These days, science is ripe with “big data” challenges. From next-generation sequencing to complex structural analysis, experiments that were once considered niche are becoming more commonplace in many laboratory environments. A single sequencing run alone can produce up to terabytes of data, and with this massive increase in information comes an inherent need to also increase data analysis capabilities. How does one best represent and interpret so much data?
Visualization of this data — for example, visualizing protein structures using programs such as Jmol or PyMOL — can be exceedingly useful for numerous biological applications. Unfortunately, many tools that are meant to help are difficult to navigate. Owing to the fact that most of these software programs are developed from scratch, they often have bulky user interfaces and mechanisms that are unintuitive to users who are unfamiliar with computer programming.
The problem seems to be twofold: One, the people developing the software either don’t understand how or don’t care to generate a user-friendly experience, and two, the amount of individuals in science who are familiar with and capable of coding is starkly lacking.
An interesting solution to the first problem exists in an unlikely setting: video game engines. For years, game developers have made use of these programs to generate new games. However, a unique aspect of video game development lies in the diverse range of individuals interested in making the games; many times, these individuals aren’t computer programmers. This introduces an increased pressure for such game engines to be more user-friendly and intuitive to a nonprogramming audience.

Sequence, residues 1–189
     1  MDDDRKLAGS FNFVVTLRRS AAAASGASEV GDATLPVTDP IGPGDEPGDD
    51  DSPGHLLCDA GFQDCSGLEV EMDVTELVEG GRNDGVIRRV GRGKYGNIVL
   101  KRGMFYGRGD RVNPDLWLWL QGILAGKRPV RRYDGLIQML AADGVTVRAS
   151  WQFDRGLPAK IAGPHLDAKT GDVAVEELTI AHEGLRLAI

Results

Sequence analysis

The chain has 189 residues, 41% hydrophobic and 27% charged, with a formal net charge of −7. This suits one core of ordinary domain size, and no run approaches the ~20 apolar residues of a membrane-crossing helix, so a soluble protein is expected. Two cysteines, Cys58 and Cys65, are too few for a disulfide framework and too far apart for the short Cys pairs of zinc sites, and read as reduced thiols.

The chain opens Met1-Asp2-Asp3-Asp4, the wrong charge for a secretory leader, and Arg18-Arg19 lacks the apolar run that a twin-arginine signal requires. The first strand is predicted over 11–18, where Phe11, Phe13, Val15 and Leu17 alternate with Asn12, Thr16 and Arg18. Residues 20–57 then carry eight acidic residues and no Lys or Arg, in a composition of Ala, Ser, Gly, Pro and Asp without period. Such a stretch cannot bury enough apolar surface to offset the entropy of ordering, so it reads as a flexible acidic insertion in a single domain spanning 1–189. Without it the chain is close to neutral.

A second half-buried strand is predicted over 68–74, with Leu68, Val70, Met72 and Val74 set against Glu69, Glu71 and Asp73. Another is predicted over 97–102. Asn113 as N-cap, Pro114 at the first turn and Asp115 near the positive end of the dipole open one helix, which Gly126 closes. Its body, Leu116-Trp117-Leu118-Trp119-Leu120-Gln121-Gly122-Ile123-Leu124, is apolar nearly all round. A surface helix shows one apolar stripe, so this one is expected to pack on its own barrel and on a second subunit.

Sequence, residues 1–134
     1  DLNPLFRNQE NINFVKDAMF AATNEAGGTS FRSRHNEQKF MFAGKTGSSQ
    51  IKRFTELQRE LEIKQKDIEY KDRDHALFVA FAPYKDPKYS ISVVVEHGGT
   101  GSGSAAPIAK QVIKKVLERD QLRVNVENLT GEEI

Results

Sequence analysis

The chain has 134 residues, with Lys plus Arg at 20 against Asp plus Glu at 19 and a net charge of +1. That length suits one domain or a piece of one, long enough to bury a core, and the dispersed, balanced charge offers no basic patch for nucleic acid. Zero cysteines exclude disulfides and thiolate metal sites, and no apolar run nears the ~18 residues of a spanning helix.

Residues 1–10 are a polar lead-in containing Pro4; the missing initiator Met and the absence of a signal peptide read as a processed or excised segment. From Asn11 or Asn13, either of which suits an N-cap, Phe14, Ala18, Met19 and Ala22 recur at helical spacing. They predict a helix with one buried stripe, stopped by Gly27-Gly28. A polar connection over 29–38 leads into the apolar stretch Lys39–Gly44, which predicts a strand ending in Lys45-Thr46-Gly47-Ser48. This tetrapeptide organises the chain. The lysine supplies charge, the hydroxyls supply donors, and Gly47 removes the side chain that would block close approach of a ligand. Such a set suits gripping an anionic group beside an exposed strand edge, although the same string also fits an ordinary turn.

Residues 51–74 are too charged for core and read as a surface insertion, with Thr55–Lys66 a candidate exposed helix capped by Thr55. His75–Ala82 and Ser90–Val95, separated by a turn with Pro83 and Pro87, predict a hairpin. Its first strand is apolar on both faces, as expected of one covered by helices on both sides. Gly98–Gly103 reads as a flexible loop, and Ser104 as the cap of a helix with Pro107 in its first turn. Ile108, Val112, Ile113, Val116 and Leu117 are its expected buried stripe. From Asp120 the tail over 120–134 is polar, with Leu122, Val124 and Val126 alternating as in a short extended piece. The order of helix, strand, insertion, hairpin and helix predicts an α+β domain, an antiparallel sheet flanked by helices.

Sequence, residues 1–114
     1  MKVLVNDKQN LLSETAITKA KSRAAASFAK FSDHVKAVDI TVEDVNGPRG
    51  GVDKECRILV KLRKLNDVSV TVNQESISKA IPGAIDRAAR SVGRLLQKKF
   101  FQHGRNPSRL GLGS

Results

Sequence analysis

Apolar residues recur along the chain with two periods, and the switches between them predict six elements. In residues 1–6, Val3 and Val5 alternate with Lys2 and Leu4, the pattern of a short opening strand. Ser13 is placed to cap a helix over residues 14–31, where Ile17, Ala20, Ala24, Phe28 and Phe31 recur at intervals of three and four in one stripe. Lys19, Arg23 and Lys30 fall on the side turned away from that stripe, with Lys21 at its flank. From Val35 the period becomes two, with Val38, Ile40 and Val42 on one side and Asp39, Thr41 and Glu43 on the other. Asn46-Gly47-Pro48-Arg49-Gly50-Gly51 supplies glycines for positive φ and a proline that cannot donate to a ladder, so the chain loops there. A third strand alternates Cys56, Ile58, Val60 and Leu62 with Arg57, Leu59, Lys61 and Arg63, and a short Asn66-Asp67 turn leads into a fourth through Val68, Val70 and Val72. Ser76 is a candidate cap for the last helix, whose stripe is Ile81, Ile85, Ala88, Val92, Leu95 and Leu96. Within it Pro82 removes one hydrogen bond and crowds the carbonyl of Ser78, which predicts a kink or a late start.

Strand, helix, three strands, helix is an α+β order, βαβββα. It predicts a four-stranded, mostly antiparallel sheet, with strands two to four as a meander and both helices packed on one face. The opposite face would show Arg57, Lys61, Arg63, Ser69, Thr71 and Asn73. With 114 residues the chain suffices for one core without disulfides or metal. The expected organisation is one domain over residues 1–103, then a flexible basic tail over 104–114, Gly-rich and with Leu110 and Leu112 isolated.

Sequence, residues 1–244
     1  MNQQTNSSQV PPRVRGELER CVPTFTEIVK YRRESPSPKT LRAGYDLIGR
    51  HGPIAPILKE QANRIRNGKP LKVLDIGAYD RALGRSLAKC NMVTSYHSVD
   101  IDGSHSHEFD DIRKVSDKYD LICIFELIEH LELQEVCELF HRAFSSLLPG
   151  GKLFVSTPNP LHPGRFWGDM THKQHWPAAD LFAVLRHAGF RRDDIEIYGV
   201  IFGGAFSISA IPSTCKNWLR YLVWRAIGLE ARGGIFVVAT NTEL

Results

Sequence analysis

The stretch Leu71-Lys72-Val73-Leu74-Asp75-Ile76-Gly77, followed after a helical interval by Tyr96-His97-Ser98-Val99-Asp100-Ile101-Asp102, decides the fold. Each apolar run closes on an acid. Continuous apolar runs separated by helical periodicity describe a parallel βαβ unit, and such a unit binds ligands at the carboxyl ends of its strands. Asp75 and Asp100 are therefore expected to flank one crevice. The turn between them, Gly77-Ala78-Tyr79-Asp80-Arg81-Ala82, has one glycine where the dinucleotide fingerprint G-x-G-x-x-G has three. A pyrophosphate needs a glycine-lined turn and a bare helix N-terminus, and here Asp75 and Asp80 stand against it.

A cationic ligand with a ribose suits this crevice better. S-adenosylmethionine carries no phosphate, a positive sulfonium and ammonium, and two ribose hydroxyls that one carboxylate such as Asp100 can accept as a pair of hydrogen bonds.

This unique combination of traits makes game engines particularly useful for developing better visualization software in a science setting. In fact, one such molecular editor, called UnityMol, already exists and serves as a proof of concept for future programs.1 The program, which was created using the Unity3D game engine, is available online and allows for the visualization of various biological structures.
Of course, scientists interested in developing similar programs still need to be able to code, a skill that isn’t typically required in current biology courses. Helpful websites, such as Code Academy, exist to introduce newcomers to coding, but the fact remains that coding is a daunting task, especially for people who didn’t grow up doing it.
But what about those who still have the opportunity to be introduced at a young age? Increased efforts to attract young children to coding careers are already well underway, especially those focusing on attracting underrepresented groups to the field. In fact, a recent summer program just opened in the Baltimore area called Minority Male Makers, specifically targeting children who showed potential beyond the classroom setting. In another summer program, Girls Who Code partnered with EA Games to encourage young women to enter a field they may not have otherwise considered.
As technology continues to move forward, more scientists will be called upon to engage in the more technical aspects of dealing with big data. But efforts to improve computer literacy in our youth and to make use of pre-existing solutions will surely help pave the way to more accurate and meaningful scientific analysis.
1 Game On, Science – How Video Game Technology May Help Biologists Tackle Visualization Challenges. PLOSOne. March 2013.